A few years after the first Ohio games, Patrolman Don Holzheimer #1515 organized a Cleveland basketball team, recruiting players from the FOP softball team. He found a sponsor to underwrite uniforms and tried to set up practices, although that proved difficult since the officers worked rotating shifts. Although this team didn’t medal, they enjoyed their time playing against good teams from the Akron Police Department and the Ohio Highway Patrol.  

The Cleveland Police team won first place in 1983. That team included Eugene Bell #186, Marvin Cross #510, Benny Peterson #1749, Ted Taylor #725, Lamont Echols #2391 and Roosevelt Linder #716 plus coach Sgt. Ollie Davis #701.

From left to right (front row) Rich Butler #638, Lt. Tom McGuire #424, Boyce Sefcik #2509, Bill Bolton #620 and Leo Allen #83; (back row) Bill Candow #1882, Capt. Mark Emery #27, the late Sgt. Art Schwelgien #759, Ron Guttu #2382, Rick Schultz #2244, and Don Holzheimer #1515
Sticker from the Ohio Law Enforcement Olympics

Call & Post, 7/21/1983

The Cleveland Police powerlifting team also did well at the 1983 Ohio Police Olympics. The team included Helen Parries #2518, Larry Davis #128, Lt. Duane Leon (#2357), Don Reese, Lt. Richard Rutt (#1022), Walter Taylor #1554, and Robert Minor #2443
Call & Post, 9/15/1983
First Row: Benny Peterson #1749, Earl Williams, Eugene Bell #186, Marvin Cross #510, Lamont Echols #2391. Center: Robin Allen #394 and Bruce Leaks #84. Standing: Ollie Davis #701, Ted Taylor #725, Bruce Taylor #1090, Robert Weems (CSU Patrolman) and Roosevelt Linder #716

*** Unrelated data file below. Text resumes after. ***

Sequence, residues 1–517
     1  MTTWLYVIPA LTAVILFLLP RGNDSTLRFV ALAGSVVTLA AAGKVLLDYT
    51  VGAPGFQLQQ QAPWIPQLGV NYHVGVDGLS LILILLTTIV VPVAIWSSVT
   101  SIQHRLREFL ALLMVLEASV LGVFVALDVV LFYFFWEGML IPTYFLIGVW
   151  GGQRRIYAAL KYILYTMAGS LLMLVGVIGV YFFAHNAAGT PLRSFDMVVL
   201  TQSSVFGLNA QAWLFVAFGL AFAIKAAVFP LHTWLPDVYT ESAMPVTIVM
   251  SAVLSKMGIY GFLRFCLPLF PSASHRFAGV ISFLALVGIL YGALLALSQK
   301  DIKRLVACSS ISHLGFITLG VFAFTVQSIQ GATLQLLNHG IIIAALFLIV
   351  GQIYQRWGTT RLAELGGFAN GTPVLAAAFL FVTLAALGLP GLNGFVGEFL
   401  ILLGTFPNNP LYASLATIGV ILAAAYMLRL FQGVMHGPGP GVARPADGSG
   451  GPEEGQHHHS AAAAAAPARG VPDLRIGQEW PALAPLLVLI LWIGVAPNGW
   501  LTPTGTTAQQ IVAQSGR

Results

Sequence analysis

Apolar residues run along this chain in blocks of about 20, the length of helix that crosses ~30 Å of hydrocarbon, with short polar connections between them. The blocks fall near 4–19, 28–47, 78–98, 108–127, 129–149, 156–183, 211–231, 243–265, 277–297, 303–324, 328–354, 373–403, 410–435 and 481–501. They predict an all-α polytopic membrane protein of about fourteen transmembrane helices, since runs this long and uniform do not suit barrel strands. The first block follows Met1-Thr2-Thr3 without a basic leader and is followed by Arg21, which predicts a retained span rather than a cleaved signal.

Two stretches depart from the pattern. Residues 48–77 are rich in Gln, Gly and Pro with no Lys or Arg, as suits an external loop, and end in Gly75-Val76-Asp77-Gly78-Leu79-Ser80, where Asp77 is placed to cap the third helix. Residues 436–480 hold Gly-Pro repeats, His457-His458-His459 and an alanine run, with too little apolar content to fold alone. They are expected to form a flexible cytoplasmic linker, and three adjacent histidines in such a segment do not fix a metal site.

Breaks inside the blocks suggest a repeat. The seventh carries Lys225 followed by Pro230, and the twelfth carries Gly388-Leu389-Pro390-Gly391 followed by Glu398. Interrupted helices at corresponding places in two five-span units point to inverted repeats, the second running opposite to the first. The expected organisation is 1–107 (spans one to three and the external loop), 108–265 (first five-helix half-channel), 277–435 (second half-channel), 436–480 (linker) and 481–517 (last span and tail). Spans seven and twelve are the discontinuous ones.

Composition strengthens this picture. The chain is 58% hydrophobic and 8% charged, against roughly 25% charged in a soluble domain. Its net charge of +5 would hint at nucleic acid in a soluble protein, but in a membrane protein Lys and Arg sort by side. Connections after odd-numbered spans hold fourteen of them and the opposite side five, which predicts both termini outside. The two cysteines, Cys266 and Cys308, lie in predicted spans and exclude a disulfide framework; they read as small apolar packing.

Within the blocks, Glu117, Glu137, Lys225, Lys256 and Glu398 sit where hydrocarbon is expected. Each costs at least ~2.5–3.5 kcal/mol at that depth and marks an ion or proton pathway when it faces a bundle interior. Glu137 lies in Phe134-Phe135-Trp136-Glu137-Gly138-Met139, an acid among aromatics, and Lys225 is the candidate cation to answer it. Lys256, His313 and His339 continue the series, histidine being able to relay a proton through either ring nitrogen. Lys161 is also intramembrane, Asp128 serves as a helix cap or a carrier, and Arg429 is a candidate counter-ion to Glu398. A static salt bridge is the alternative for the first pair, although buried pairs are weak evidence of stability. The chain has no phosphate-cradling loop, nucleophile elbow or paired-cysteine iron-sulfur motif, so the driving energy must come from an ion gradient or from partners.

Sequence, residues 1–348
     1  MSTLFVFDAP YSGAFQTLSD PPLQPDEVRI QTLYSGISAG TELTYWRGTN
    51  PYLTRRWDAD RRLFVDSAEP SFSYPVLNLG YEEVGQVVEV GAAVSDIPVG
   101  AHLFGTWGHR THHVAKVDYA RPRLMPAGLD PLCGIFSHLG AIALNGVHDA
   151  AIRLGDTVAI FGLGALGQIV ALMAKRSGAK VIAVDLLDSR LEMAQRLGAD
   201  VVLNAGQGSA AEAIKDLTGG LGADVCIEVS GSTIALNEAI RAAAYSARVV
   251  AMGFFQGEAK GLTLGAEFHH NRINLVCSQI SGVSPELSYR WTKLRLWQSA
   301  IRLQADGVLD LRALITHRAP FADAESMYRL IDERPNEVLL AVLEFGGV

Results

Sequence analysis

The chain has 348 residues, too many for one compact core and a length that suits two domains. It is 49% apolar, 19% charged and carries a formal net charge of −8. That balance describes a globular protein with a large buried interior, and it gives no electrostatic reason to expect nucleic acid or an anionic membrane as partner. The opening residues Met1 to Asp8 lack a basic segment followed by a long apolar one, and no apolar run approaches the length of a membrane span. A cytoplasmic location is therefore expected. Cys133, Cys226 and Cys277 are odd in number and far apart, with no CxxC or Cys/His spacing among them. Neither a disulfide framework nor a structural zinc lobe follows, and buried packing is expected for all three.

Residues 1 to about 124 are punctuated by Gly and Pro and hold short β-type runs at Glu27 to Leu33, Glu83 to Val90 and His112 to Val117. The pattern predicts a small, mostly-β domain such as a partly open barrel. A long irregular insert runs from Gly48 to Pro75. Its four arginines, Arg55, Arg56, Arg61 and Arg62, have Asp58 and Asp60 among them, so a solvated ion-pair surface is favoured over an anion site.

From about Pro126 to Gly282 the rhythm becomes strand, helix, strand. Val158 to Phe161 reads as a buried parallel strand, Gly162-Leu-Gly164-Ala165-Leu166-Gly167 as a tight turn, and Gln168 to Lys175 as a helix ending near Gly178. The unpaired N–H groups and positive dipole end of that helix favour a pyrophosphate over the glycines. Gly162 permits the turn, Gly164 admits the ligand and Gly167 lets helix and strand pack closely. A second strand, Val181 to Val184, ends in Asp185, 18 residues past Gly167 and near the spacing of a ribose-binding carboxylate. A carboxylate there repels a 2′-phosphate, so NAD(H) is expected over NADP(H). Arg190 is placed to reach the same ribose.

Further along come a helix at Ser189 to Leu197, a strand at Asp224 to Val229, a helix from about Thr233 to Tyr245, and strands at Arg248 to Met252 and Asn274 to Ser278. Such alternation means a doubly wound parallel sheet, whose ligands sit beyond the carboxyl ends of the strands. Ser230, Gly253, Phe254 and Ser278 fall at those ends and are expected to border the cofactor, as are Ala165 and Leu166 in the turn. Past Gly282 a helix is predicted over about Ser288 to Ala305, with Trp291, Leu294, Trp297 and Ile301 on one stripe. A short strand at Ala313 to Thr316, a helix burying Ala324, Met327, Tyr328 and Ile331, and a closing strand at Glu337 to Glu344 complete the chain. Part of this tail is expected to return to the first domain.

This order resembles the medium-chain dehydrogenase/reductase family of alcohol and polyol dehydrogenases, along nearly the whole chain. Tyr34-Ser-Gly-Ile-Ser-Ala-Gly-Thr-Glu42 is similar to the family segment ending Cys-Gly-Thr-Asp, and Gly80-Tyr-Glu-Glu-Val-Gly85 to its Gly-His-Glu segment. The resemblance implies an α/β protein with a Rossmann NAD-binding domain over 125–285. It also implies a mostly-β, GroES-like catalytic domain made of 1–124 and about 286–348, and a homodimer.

Commander of Community Policing Marvin Cross retired from the force in 2003, following 22 years as a dedicated Cleveland police officer. He soon accepted the position of Director of Security for the Cleveland Cavaliers NBA franchise. Cross had a front row seat to the rise of LeBron James and the resurgence of the Cavaliers. As a valued member of the organization, Cross received a championship ring in 2016.

Marvin Cross played on the 1983 Championship team at the Ohio Police Olympics (see above).

Commander Marvin Cross
Cross’s 2016 Championship Ring

NBA Cavaliers Director of Security Marvin Cross with Tristan Thompson at the 2016 Championship parade
NBA Cavaliers Director of Security Marvin Cross with the 2016 Championship trophy

The 1997 All-Star Game was held during the NBA’s 50th anniversary year at Gund Arena. Like with the 2022 festivities, the Cleveland Police Department will be there to protect and serve Clevelanders, visitors and the NBA players.

Plaque given to the Cleveland Police Department by the NBA after the 1997 All-Star Weekend, now in the collection of the Cleveland Police Museum
Gund Arena, photo credit to Thom Sheridan

Written by Cleveland Police Historical Society and Museum Executive Director Mazie M. Adams